A while ago, I saw a post over at Lais @The Bookish Skies comparing Brazilian and American book covers and I was super intrigued by the idea. Somehow, I forgot about it though, or other things just became more pressing, until I watched Jack Edwards and Steph Bohrer compare UK and US book covers over on booktube. I just knew, I had to do this for German covers (and titles? Cause they often change them?) before I’d forget it again. So, in short, we’re going to compare UK and US book covers with those published on the German market! I don’t know who does it better, but this post might give us an indication.
(This was really inspired by all the people above, please check out their content!)
I don’t remember if the left cover is the British or the US version, but whichever one it is, but I fully intend to finally read the book this year and that’s the version I own (I think).
For once, they did not actually change the title, but I legit couldn’t find a cover image without the silly “BookTok sensation” sticker. When they’re not actual stickers and cannot be removed from the book, I often feel like they might just become my villain origin story.
In general, there’s just something more mysterious, luxurious and enticing about the English language cover. This round clearly goes to the US/UK!
Okay, where do I even start? They stuck to translating the title correctly, but that’s about where I stop liking the German cover.
Where the Crawdads Sing is a very slow paced, atmospheric book. It’s about prejudice and perseverance. It’s about love and life and family. There’s a lot of harsh realities and even a murder mystery, but I feel like the German cover leaned into that last bit way too hard. Somehow, the darker color scheme makes it reminiscent of crime and thriller books rather than the celebration of nature and societal commentary it is. Again, points go to the English language cover.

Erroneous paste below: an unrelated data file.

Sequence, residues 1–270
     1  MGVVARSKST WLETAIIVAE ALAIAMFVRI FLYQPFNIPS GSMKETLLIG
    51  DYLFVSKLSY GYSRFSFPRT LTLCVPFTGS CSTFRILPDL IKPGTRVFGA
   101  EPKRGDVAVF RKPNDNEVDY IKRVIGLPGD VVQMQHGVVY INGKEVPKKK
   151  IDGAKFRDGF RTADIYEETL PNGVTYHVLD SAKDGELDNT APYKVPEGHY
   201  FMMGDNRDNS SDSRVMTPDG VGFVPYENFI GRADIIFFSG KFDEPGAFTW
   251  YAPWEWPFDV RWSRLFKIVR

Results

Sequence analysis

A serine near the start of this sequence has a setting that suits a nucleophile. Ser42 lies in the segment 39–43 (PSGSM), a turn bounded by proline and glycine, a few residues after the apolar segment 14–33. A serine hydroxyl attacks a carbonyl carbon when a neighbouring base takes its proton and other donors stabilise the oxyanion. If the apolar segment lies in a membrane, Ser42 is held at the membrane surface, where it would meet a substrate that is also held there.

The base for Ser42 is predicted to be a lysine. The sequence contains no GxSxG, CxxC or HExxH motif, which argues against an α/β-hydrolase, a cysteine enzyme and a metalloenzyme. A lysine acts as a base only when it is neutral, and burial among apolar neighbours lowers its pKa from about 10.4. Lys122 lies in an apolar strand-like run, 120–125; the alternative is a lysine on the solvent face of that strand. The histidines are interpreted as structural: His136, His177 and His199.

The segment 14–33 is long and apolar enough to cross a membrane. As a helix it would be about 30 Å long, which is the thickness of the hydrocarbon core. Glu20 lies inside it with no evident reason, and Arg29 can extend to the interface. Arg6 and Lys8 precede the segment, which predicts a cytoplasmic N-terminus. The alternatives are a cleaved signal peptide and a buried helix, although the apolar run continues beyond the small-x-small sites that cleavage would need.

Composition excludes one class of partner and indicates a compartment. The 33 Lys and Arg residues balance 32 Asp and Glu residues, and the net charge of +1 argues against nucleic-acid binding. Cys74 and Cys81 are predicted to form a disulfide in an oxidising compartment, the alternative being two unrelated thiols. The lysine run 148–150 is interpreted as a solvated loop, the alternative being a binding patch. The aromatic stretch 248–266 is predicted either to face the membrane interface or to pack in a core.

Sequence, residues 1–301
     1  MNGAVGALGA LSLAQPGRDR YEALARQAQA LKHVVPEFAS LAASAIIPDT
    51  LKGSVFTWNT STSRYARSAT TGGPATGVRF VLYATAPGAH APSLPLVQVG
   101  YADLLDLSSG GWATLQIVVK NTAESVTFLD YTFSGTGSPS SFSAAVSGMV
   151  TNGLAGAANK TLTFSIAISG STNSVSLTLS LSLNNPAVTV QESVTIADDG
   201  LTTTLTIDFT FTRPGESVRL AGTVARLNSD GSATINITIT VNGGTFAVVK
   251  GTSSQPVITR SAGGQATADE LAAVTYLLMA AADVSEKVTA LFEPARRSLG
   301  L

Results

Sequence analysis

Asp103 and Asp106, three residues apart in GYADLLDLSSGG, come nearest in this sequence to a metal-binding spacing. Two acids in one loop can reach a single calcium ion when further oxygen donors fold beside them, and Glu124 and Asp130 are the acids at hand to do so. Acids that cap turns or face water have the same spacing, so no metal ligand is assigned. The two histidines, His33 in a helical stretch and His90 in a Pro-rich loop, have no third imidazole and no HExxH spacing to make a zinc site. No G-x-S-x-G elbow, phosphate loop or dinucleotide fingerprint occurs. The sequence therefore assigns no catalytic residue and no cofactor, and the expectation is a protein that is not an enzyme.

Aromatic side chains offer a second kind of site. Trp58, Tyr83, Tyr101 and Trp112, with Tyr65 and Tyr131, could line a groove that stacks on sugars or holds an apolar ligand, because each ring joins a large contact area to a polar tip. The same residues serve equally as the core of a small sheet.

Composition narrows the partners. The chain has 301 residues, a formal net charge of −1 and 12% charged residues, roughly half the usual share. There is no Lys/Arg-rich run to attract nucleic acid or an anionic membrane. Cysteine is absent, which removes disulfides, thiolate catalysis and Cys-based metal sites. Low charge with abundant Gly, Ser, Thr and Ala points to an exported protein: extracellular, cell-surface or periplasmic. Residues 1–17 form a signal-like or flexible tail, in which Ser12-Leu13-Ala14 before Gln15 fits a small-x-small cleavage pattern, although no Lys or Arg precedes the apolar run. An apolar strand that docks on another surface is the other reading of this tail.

Read my review of the book here.
There are a couple different variants of the English language cover, but they’re mostly in the realm of what is shown above. Please, do get ready for the translation of the German title though – I still can’t believe they called it that: “Destiny is a lousy traitor”
While I think the German title sort of relates to the story, I just don’t know where they got that particular phrase from. It feels clunky (in German) and I would have never guessed it’s supposed to be TFIOS. The rest of the German cover is also just so random. 1) they ignore the stars in the OG title, but put them on the cover, 2) there’s a random city skyline? and 3) Is that a dandelion floating about?
The English cover isn’t particularly creative, but I feel calmer looking at it. English language covers keep winning.
I chose the blue cover, because it’s the one I own. I know there are different versions out there, but it’s what’s on my shelf, so it’s what I’m going to judge it on.
I kind of like the German one more, but wish the head wasn’t part of it? I’m just confused, is that supposed to be Achilles? Either way, it looks a little more exciting than the blue cover, which is just very plain. So, while I don’t feel compelled to give either one a point, this one reluctantly goes to the German cover.
Read my review of the book here.
They tried to do entirely too much with the German cover! Why do they always want to pack half the plot into the imagery, when a nice understated font can be so much more enticing. I don’t even know if the person in the crystal ball (where is that even coming from) is supposed to be Addie or Luc. I feel like this just leads you astray, because so much of the story actually takes place in the now. This is a disaster … English language cover wins again!
Read my review of the book here!
That’s it for today! The UK/US covers easily won with 4-1 points! If I ever do this again (should I?), I will have to make sure that I do a better job at finding nice German covers. Although … there are several reasons I don’t own many German editions and it’s apparently not just the language …